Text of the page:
More generally, the critical point method can be used to study any semi-algebraic set V : the critical points of the projection on the first coordinate πi : V ∩ Rn −→ Ri.

Structure of multi-homogeneous ideals

In this section, we recall several known results on multi-homogeneous ideals. For simplicity of notations, most results are only stated for bilinear systems but they can be easily extended to multihomogeneous systems.
When f1, . . . , fm is a bi-homogeneous system in K[x0, . . . , xnx, y0, . . . , yny ] (with degree at least 1 with respect to each block of variables), there is a set of trivial solutions that we need to take into account: the varieties Z(x0, . . . , xnx) and Z(y0, . . . , yny ) are necessarily subsets of Z(f1, . . . , fm). The corresponding ideals hx0, . . . , xnxi and hy0, . . . , yny i are called the irrelevant ideals. Contrary to the classical homogeneous case, these irrelevant ideals are not maximal, and this fact has several consequences: for instance, as soon as m ≥ nx + 1, regular bi-homogeneous sequences of size m do not exist.
In the section, we recall tools to transpose some results on homogeneous ideals in this context. Roughly speaking, the objective is to show that there exists a generic property of bi-homogeneous systems which is similar to regularity for homogeneous systems. We use the following notations: Notations 3.5. • BLK(nx, ny) the K-vector space of bilinear forms in K[X, Y ] = K[x0, . . . , xnx, y0, . . . , yny ];
• X (resp. Y ) is the ideal hx0, . . . , xnxi (resp. hy0, . . . , yny i).
• An ideal is called bihomogeneous if it admits a set of bihomogeneous generators.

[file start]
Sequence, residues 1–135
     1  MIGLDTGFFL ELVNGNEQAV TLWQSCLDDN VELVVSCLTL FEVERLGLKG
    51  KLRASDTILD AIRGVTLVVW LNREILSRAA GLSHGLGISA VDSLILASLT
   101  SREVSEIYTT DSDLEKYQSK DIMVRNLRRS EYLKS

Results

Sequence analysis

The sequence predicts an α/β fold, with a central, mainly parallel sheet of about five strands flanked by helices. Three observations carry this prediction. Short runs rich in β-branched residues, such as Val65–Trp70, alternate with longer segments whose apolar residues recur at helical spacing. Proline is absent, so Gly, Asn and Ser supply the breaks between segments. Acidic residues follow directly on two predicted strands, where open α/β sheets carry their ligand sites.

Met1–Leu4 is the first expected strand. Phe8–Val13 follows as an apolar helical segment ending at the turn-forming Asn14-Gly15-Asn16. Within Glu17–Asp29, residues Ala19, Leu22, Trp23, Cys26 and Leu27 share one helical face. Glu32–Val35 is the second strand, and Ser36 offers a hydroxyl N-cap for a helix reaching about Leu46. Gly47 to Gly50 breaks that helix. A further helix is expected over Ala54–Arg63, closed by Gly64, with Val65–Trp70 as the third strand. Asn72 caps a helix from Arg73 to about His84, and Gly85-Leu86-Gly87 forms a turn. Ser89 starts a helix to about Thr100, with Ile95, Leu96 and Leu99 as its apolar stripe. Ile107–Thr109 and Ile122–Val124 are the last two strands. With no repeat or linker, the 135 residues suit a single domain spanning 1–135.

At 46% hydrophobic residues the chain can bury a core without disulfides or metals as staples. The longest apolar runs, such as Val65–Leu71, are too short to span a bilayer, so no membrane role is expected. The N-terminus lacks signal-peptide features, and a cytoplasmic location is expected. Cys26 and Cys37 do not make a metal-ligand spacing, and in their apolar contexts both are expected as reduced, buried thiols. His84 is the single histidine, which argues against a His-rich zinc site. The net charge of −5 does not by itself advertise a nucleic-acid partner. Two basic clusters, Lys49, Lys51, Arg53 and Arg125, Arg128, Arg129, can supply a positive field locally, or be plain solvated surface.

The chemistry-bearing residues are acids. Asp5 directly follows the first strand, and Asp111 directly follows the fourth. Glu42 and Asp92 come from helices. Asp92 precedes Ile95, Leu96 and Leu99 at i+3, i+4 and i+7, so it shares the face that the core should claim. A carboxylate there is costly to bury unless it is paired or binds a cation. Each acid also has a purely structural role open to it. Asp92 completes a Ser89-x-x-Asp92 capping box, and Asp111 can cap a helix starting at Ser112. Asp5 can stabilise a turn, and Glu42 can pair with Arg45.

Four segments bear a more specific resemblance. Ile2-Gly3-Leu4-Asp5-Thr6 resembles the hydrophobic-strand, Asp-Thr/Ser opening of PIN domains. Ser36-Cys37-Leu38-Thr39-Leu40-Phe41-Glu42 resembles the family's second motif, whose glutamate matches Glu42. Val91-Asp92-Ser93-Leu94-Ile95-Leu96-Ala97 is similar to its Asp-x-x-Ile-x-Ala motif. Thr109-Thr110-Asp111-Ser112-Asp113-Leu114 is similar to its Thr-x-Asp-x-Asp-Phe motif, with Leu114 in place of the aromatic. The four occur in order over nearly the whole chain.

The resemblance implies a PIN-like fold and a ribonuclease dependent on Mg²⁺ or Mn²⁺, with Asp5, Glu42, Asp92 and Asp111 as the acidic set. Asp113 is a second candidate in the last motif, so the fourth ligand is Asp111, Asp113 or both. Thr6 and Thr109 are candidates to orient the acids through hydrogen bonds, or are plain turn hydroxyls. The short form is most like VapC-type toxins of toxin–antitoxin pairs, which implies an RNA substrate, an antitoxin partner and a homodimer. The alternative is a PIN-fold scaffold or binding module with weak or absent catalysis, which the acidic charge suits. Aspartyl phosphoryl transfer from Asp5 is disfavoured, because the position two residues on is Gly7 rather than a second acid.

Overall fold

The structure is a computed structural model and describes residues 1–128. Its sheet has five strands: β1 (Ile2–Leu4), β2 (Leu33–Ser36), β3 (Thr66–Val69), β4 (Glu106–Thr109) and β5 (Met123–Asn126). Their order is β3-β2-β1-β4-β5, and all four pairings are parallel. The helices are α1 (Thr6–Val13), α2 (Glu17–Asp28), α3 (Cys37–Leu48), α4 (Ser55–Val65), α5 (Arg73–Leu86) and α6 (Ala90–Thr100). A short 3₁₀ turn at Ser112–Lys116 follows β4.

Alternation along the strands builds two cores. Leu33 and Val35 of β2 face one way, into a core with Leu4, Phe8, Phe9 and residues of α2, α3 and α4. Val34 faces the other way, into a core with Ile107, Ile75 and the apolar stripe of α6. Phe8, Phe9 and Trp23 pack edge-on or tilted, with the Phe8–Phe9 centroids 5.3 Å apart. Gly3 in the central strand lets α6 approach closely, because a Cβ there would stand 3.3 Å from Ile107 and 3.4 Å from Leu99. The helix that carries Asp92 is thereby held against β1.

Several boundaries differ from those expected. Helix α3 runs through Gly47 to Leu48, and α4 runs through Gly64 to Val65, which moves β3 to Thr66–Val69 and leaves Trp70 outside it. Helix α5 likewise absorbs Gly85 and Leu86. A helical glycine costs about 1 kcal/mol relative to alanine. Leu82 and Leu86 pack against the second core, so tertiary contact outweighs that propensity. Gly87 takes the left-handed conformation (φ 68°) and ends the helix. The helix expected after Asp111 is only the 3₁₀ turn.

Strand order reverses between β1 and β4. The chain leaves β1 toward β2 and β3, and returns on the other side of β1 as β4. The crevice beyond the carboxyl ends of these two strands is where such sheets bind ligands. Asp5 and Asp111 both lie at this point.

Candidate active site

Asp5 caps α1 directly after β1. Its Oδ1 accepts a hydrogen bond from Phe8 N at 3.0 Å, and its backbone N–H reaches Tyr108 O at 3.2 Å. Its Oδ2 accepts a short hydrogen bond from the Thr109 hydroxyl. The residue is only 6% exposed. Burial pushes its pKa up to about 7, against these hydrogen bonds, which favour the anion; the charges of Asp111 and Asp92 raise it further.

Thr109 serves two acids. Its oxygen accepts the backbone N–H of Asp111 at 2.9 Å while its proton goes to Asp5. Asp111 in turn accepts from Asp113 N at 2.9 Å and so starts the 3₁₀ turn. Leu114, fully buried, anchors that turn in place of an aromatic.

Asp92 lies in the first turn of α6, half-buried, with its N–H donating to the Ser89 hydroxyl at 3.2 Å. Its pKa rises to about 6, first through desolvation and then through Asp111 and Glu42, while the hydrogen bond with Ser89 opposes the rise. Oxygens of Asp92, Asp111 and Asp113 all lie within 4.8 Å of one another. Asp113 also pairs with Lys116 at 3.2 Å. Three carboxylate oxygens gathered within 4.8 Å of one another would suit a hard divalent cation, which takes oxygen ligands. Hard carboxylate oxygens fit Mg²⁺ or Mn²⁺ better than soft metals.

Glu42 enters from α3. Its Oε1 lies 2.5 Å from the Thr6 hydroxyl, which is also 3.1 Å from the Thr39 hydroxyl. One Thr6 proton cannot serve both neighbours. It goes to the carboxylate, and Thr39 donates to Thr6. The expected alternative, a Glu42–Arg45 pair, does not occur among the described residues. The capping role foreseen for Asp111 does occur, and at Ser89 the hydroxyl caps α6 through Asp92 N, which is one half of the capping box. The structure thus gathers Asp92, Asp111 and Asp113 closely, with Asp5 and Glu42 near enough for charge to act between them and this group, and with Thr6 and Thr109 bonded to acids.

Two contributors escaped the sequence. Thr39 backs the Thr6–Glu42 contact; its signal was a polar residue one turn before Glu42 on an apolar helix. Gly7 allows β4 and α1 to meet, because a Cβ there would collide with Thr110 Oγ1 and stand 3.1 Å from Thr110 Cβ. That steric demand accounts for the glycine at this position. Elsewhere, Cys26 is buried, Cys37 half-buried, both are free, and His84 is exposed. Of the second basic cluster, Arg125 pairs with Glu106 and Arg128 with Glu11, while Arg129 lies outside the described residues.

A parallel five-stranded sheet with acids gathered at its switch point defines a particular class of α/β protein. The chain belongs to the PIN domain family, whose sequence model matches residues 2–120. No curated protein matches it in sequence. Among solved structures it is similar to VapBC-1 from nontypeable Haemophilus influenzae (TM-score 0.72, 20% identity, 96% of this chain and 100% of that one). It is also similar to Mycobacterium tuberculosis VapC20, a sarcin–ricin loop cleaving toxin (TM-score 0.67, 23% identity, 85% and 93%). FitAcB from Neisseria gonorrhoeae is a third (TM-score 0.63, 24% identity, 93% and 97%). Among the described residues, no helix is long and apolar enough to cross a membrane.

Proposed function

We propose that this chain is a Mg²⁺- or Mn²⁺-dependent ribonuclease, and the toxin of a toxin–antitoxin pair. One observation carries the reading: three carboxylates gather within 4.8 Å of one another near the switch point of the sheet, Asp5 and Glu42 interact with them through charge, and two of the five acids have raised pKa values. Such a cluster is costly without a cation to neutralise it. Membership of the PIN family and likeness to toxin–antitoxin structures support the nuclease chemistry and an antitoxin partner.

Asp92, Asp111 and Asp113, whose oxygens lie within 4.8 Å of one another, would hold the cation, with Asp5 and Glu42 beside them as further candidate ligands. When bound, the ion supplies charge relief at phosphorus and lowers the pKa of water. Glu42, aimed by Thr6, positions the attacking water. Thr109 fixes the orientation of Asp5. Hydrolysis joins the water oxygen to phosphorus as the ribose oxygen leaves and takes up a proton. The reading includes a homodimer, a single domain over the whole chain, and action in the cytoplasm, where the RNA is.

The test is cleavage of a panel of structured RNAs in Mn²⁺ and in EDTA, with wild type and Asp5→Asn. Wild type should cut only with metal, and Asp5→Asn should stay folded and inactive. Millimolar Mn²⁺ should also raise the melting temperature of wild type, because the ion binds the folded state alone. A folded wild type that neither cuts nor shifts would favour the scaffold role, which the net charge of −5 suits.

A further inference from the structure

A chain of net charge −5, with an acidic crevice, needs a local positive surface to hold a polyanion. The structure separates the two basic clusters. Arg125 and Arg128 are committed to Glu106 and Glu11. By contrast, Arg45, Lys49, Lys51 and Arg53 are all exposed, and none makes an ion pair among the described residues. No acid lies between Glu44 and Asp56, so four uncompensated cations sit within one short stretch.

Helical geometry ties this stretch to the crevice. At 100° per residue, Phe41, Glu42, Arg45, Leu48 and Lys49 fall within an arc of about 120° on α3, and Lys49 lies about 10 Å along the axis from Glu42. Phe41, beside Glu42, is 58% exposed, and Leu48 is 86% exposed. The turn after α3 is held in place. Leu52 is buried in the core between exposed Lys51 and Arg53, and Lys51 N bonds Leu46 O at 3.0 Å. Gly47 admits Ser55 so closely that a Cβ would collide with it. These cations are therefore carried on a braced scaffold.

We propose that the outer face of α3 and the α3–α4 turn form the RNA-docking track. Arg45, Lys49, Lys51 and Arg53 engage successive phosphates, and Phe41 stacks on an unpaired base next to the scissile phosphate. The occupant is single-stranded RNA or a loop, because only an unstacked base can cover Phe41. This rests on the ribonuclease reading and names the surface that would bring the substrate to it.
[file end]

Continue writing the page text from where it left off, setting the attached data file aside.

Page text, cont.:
• If (f1, . . . , fm) ∈ BLK(nx, ny)m is a family of bilinear forms, Ii denotes the ideal hf1, . . . , fii and Ji denotes the saturated ideal Ii : (X ∩ Y )∞.

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Table of contents :

I Preliminaries 
1 Gr¨obner bases 
1.1 Polynomial Rings and Ideals
1.1.1 Definitions
1.1.2 Modules, algebras and free resolutions
1.1.3 Primary decomposition and associated primes
1.2 Monomial orderings and Gr¨obner bases
1.2.1 Definitions
1.2.2 Gradings on polynomial rings
1.2.3 Regular and Semi-regular Sequence
1.2.4 Boolean semi-regular systems.
1.3 Polynomial system solving
1.3.1 Gr¨obner basis Algorithms
1.3.2 Matrix F5 Algorithm
1.3.3 FGLM Algorithm
1.4 Degree bounds
1.4.1 Definitions
1.4.2 Degree of regularity
1.4.3 Relations between notions of regularity
1.5 Complexity
1.5.1 Complexity model
1.5.2 Complexity of Gr¨obner basis algorithms
1.5.3 Complexity of solving affine systems
1.5.4 Complexity and degree of the ideal
2 Algebraic Systems in Applications 
2.1 MinRank
2.1.1 Description of the MinRank problem
2.1.2 Algebraic techniques for solving the MinRank problem
2.2 Cryptology and Information Theory
2.2.1 Courtois Authentication Scheme
2.2.2 Rank metric codes
2.2.3 Hidden Field Equations (HFE)
2.2.4 McEliece PKC.
2.2.5 QUAD
2.2.6 The Algebraic Surface Cryptosystem
2.3 Real Solving and Optimization
2.3.1 Problem statements
2.3.2 Algebraic Tools for Real Solving
3 Determinantal and multi-homogeneous systems